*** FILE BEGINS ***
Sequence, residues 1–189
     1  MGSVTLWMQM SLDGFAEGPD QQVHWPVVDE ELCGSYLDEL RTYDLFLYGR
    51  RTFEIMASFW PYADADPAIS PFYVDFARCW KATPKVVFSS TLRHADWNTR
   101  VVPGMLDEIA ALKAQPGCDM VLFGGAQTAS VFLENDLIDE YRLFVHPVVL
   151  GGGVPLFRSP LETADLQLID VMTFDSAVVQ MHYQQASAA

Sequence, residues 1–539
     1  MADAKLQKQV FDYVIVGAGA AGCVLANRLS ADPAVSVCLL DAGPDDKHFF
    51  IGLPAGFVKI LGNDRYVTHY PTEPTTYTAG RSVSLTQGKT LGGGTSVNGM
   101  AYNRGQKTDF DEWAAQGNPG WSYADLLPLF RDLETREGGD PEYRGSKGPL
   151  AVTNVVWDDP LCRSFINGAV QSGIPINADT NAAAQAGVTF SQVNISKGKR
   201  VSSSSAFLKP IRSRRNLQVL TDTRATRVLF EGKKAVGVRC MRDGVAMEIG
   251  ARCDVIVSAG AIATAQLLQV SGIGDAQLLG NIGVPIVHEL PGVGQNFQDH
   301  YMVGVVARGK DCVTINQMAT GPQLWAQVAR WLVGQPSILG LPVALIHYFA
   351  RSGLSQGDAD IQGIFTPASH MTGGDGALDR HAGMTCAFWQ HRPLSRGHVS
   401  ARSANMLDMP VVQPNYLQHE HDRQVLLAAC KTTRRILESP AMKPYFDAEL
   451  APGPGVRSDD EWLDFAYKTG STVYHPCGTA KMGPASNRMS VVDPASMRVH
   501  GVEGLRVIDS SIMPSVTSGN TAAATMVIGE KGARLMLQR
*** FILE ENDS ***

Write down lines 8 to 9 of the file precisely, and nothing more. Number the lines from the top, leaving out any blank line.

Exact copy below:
    51  IGLPAGFVKI LGNDRYVTHY PTEPTTYTAG RSVSLTQGKT LGGGTSVNGM
   101  AYNRGQKTDF DEWAAQGNPG WSYADLLPLF RDLETREGGD PEYRGSKGPL